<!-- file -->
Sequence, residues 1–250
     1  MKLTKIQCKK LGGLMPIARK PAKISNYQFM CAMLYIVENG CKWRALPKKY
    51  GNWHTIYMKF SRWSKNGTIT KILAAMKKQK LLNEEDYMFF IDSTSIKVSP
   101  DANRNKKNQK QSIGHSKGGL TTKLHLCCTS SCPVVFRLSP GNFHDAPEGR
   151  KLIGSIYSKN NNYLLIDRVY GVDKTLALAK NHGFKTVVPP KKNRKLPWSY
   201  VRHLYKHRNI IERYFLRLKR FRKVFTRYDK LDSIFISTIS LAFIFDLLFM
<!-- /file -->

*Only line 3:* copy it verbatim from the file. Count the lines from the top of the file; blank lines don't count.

    51  GNWHTIYMKF SRWSKNGTIT KILAAMKKQK LLNEEDYMFF IDSTSIKVSP